Gregg Mangan: On This Day in Connecticut History

On this Day CT histGregg Mangan gave an author talk and sign copies of his new book, “On This Day in Connecticut History” on Saturday May 9th at 4:00p.m.

About the book:

Connecticut’s character runs much deeper than breathtaking fall foliage and quaint coastal towns. One day at a time, author Gregg Mangan chronicles fascinating episodes in state history, from the earliest European settlements to the modern era. After a lengthy debate, the state senate voted in favor of “Yankee Doodle” as the official state song on March 16, 1978. Bridgeport’s General Electric Company completed work on the bazooka on June 14, 1942. On the morning of December 4, 1891, the only four-train collision in American history occurred at the railroad station in East Thompson. Each date on the calendar holds a nugget of knowledge in this celebration of Constitution State history.

Legends: The Best Players, Games, and Teams in Baseball

LegendsPresents a history of America’s pastime that discusses many of its most notable players, teams, rivalries, and moments, from Jackie Robinson’s breaking of the color barrier to the home run race between Sammy Sosa and Mark McGwire.

A Soldier’s Sketchbook

By Joseph FarrisA Soldier's Sketchbook cover

An illustrated memoir from a World War II soldier is drawn from the letters, sketches, snapshots, and mementos of Pvt. Farris, who left his home of Danbury, Connecticut, and set off to war aboard the U.S.S. “General Gordon” in October 1944, bound for France as part of Company M, 398th Infantry.



This watercolor shows one of the most dangerous moments in our battle for the Maginot Line. The Germans had bracketed our position, and we anxiously feared the next shell would zero in on us. p. 120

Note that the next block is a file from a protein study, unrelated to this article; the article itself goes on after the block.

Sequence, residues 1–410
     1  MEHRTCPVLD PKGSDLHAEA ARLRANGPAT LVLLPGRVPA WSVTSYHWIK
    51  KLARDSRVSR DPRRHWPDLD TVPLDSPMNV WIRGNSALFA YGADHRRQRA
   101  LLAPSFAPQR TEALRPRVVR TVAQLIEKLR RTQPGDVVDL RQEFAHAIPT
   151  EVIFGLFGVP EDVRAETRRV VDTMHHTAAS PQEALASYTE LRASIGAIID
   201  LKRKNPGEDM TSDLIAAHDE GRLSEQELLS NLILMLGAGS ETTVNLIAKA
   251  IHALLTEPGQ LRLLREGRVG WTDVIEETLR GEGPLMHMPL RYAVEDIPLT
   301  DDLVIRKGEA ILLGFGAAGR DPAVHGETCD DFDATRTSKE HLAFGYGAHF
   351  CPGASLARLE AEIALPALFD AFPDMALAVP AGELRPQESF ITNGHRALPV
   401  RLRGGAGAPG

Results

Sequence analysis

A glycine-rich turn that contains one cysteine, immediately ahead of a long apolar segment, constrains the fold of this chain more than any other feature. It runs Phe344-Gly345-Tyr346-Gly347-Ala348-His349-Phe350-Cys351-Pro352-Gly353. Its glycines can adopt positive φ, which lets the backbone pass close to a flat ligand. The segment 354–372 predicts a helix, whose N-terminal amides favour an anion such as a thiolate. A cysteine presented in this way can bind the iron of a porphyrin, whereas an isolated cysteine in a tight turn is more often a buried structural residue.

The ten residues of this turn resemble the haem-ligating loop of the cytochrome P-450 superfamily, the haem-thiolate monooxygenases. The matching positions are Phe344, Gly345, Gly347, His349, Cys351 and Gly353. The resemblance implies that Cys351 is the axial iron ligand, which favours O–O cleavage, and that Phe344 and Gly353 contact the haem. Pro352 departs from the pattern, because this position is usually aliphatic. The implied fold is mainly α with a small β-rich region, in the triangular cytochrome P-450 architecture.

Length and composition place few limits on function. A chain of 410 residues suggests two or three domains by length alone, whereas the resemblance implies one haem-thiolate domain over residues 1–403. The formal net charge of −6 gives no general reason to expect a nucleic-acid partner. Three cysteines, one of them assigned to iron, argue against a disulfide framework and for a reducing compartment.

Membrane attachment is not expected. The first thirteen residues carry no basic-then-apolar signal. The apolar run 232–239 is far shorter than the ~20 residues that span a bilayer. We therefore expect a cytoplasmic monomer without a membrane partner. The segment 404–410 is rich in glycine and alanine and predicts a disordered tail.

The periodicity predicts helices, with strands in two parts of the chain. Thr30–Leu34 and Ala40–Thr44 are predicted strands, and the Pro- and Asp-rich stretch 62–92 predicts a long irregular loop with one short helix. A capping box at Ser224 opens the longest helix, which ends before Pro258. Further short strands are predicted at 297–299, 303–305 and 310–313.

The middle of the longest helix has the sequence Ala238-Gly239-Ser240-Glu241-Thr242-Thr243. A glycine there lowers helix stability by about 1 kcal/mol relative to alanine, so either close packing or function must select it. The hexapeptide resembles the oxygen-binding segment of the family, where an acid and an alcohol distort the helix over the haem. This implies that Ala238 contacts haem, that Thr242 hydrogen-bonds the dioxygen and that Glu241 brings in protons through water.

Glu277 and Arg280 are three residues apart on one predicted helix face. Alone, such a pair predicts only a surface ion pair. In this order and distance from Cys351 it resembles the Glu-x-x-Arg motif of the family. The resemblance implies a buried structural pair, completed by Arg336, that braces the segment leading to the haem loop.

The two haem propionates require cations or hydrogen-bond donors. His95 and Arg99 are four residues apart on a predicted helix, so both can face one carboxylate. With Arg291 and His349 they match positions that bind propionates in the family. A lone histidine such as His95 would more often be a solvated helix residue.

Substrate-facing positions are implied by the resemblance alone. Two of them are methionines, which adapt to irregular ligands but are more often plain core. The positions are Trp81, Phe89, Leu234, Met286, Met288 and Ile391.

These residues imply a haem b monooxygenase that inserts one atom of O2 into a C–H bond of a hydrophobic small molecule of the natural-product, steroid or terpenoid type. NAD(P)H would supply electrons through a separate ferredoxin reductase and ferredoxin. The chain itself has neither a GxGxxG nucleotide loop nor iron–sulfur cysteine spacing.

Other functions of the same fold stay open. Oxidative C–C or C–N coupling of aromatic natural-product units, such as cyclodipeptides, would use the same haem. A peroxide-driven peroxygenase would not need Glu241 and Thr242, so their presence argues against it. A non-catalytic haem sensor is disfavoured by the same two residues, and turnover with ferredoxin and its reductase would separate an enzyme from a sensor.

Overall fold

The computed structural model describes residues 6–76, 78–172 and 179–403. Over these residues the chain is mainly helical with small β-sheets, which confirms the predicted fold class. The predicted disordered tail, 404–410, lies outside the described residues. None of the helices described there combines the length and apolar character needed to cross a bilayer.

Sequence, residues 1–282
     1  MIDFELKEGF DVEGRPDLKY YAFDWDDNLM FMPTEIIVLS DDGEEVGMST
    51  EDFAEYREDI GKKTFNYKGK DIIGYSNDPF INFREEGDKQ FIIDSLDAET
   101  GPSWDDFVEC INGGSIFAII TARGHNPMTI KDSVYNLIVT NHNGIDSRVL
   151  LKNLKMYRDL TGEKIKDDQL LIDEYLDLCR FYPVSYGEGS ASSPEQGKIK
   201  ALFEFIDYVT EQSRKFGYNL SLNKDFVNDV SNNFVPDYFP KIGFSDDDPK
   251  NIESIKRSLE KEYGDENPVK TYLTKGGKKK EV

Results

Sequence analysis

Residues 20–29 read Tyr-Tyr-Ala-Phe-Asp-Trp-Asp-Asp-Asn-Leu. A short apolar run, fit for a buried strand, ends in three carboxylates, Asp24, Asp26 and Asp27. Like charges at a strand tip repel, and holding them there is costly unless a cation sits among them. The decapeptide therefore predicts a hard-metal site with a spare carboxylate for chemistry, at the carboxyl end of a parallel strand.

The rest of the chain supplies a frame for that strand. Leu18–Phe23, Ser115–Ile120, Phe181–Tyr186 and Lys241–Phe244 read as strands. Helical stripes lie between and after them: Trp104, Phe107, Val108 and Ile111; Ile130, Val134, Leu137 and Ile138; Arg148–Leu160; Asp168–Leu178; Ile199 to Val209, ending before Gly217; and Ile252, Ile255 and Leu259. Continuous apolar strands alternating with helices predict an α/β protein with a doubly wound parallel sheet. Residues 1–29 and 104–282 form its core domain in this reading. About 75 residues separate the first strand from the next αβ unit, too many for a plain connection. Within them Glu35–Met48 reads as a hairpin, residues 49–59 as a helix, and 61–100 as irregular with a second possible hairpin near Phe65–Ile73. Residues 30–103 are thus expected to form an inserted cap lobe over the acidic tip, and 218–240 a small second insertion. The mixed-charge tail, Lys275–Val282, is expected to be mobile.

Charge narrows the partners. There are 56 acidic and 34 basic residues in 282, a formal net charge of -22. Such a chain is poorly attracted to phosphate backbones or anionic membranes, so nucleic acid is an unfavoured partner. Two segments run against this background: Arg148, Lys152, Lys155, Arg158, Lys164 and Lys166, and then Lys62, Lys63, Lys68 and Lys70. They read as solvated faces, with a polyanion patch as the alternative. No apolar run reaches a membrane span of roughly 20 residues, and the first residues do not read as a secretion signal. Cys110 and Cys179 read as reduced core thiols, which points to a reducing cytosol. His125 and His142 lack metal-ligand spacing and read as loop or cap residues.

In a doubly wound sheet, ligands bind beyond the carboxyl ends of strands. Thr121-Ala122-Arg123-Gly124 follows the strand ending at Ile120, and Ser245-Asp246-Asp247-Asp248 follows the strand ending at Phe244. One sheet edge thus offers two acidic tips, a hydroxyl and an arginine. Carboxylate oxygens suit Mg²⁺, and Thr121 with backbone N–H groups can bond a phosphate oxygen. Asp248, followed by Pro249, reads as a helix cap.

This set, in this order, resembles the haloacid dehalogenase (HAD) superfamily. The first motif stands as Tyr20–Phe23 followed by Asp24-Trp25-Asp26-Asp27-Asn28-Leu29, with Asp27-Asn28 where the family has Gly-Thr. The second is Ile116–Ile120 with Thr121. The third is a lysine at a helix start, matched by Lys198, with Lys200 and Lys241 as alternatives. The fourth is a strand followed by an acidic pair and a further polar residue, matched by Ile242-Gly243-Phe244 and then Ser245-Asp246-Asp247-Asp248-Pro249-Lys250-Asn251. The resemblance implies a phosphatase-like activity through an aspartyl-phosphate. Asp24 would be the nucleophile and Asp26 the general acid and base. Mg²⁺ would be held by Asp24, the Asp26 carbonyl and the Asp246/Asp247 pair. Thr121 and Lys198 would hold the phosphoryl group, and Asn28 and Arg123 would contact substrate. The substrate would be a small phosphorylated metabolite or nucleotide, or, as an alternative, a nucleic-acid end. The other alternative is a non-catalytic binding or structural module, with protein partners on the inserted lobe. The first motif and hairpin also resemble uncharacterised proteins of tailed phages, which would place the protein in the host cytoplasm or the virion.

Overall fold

This is an illustration by Joseph Farris from his powerful memoir A Soldier’s Sketchbook.

PERMITTED USE: This image may be downloaded or is otherwise provided at no charge for one-time use for coverage or promotion of the “A SOLDIER’S SKETCHBOOK” dated 2011 and exclusively in conjunction thereof. No copying, distribution or archiving permitted. Sublicensing, sale or resale is prohibited.

REQUIRED CREDIT AND CAPTION: All image uses must bear the copyright notice and be properly credited to the relevant photographer, as shown in this metadata, and must be accompanied by a caption which makes reference to the “A SOLDIER’S SKETCHBOOK.” Any uses in which the image appears without proper copyright notice, photographer credit and a caption referencing the “A SOLDIER’S SKETCHBOOK” are subject to paid licensing.


Surprise visit by author Sean Pidgeon on Saturday March 9th at 5:30!

Byrd’s Books is thrilled to host author Sean Pidgeon in a SURPRISE visit to our store on Saturday March 9th at 5:30! Please join us to meet the author, discuss his wonderful book, “Finding Camlann” and get a signed copy.  Finding Camlann